QIA calls for close monitoring of Mary River mine
Nunavut regulator starts final public hearings in Iqaluit July 16
As final public hearings started this week in Iqaluit on one of the biggest resource extraction projects ever proposed for the eastern Arctic, the Mary River iron project, the Qikiqtani Inuit Association recommends a long list of measures aimed at monitoring and mitigating its effects on people and the environment.
Those recommendations are contained in a dense, 11-page document that QIA has submitted to the Nunavut Impact Review Board, whose final public hearings on the project kicked off July 16 at the Iqaluit cadet hall.
“We are now approaching final decision points and we must make the right decisions. I encourage you all to use these hearings as a venue to share your thoughts and wisdom to ensure that all decisions made are well informed,” QIA president Okalik Eegeesiak said July 13 in a news release.
In its submission, QIA recommends 59 measures for inclusion in a project certificate for the mine.
A project certificate represents one of the key legal permissions that Baffinland Iron Mines Corp. would need before starting construction of the Mary River project.
And the conditions attached to such a project certificate would set out many rules that Baffinland must follow.
Baffinland, owned by the European-based steel giant Arcelor Mittal, proposes to extract 21 million tonnes of iron ore a year over 21 years from the Mary River site.
The multi-billion-dollar project would see huge quantities of iron shipped to a port at Steensby Inlet along the first railway ever built north of the treeline in the Canadian Arctic.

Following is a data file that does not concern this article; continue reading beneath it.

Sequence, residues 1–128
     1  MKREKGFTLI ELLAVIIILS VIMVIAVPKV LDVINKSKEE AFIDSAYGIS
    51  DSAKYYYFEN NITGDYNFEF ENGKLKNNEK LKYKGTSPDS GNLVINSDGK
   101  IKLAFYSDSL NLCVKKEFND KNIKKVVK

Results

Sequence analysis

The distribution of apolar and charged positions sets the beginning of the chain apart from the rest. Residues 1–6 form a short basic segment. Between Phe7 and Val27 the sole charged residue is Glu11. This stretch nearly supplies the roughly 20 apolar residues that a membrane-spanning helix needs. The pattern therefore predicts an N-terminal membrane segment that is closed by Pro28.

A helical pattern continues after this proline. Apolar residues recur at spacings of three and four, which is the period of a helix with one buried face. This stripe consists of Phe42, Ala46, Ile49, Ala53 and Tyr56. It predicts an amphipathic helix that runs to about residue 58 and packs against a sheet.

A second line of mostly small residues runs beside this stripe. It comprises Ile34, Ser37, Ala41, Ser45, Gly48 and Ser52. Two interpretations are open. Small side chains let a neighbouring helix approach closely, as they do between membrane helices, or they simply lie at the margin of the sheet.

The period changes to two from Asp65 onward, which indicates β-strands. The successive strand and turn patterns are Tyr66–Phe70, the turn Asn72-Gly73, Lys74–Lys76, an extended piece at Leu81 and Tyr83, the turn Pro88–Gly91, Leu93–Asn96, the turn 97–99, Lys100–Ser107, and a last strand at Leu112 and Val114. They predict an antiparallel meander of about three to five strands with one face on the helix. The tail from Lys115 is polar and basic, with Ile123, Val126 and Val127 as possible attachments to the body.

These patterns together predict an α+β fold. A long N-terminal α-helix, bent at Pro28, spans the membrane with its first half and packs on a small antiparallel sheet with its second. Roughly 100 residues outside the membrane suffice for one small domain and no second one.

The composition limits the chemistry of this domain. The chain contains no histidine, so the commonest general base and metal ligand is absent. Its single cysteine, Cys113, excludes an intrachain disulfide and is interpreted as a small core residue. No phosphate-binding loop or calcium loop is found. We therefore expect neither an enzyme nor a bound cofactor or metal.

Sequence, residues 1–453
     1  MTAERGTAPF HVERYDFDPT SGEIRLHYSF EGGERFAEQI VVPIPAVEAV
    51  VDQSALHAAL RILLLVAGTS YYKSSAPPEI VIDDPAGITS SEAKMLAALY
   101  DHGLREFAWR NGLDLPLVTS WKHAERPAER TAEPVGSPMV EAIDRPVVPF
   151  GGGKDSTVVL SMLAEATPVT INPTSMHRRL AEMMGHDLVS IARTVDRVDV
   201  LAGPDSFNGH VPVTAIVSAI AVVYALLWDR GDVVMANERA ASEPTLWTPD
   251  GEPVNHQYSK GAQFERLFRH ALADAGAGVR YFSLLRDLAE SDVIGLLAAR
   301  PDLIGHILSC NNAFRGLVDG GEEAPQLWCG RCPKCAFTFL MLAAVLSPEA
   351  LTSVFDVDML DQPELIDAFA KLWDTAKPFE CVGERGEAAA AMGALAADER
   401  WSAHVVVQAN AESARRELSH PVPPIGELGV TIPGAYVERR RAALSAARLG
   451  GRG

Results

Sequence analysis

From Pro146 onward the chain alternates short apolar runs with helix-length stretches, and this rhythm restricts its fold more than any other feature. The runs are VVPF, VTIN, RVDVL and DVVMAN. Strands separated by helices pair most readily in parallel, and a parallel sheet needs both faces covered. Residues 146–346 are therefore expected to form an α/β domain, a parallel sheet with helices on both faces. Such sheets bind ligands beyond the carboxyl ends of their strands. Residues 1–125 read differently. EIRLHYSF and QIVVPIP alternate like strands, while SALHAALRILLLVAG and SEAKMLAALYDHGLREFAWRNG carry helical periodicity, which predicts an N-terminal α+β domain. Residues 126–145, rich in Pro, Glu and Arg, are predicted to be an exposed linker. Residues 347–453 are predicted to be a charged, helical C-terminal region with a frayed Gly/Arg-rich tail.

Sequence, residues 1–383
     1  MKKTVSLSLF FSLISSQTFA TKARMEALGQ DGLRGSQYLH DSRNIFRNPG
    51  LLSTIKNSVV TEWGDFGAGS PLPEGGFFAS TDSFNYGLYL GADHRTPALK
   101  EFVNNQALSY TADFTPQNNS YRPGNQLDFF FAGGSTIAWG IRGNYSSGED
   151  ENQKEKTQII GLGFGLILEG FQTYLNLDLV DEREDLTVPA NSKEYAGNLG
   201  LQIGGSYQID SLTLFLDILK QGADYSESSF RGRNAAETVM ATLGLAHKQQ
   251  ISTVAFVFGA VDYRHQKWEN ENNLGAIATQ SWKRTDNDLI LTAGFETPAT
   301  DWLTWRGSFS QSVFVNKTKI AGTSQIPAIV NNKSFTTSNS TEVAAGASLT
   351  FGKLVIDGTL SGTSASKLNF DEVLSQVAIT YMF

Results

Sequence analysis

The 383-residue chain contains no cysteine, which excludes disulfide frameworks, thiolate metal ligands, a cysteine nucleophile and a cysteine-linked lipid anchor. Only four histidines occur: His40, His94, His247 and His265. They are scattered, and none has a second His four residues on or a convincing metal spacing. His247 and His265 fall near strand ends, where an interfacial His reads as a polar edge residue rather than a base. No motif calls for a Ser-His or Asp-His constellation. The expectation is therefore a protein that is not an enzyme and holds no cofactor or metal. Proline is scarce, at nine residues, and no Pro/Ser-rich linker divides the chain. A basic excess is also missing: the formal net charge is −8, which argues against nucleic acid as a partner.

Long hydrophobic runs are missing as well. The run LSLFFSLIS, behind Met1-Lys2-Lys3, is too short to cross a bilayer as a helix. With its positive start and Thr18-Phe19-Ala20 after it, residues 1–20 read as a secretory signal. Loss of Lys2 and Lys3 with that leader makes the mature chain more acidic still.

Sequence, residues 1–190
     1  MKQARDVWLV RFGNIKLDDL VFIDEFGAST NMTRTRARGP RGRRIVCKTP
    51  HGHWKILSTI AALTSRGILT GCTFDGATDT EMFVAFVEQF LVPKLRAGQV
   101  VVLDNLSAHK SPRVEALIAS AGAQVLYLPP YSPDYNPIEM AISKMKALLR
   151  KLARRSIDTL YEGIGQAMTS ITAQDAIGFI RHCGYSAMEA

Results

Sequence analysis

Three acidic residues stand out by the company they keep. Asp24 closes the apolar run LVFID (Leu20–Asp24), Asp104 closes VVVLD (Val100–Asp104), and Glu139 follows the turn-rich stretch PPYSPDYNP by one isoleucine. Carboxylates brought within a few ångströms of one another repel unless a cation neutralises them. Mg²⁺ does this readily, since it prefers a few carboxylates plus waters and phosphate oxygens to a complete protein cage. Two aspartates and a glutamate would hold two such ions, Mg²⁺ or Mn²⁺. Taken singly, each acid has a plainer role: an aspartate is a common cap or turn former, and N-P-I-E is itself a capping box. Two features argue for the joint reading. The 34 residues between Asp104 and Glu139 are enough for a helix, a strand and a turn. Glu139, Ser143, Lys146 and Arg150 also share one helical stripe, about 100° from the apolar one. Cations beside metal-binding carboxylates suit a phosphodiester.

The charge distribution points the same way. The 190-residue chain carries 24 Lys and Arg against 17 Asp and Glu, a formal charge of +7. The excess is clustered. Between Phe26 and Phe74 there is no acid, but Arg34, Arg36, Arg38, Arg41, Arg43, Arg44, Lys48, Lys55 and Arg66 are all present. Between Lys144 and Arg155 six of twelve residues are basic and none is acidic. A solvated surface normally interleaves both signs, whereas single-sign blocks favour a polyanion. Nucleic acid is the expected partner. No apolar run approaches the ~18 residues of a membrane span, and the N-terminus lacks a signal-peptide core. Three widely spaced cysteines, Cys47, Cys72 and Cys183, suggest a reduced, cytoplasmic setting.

From Steensby Inlet, massive 320-metre icebreaking ore vessels would move 12 months of the year through Foxe Basin and Hudson Strait to ports in Europe.
In response to the project’s potential environmental effects on the marine environment, QIA makes 25 recommendations.
Some of those include:
• measures aimed at monitoring and mitigating the effect of ballast water discharged from the vessels, including water treatment and sampling;
• monitoring of the effects of ship noise on marine mammals;
• monitoring of ringed seal lairs for at least two years prior to the start of icebreaking to establish baseline information;
• measures requiring that Baffinland report any contact with a marine mammal;
• oil spill dispersal exercises;
• tracking and reporting of vessel movements to communities, including ship tracks left in sea ice;
• constant monitoring of Steensby Inlet for sewage outfall, ballast water discharges and the gathering of data on walrus, beluga, bearded seal, Arctic char and other species;
• a special monitoring program for walrus that use Steensby Inlet;
• if marine mammals are encountered during shipping, wildlife must be given the right of way.
Other measures include:
• the employment and training of Inuit monitors ;
• the development of measures aimed at keeping caribou away from pits and other hazardous areas;
• a comprehensive hunter harvest study to look at the effects of the project on caribou populations;
• the creation of three working groups with representatives from government, QIA and the company: a marine environment working group, a terrestrial working group, and a socio-economic working group;
• the creation of Inuit work-ready and training programs.
The Mary River hearings in Iqaluit run from July 16 to July 21.
NIRB will then hold hearings in Igloolik from July 23 to July 25 and in Pond Inlet from July 26 to July 28.